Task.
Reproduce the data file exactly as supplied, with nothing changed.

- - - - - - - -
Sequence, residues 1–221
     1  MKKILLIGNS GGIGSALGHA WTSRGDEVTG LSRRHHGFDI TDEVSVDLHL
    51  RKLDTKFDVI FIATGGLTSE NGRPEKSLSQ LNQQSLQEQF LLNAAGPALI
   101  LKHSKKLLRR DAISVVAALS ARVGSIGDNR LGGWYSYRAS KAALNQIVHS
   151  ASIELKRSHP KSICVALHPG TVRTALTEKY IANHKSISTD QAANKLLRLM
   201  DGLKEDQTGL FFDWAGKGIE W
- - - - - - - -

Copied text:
Sequence, residues 1–221
     1  MKKILLIGNS GGIGSALGHA WTSRGDEVTG LSRRHHGFDI TDEVSVDLHL
    51  RKLDTKFDVI FIATGGLTSE NGRPEKSLSQ LNQQSLQEQF LLNAAGPALI
   101  LKHSKKLLRR DAISVVAALS ARVGSIGDNR LGGWYSYRAS KAALNQIVHS
   151  ASIELKRSHP KSICVALHPG TVRTALTEKY IANHKSISTD QAANKLLRLM
   201  DGLKEDQTGL FFDWAGKGIE W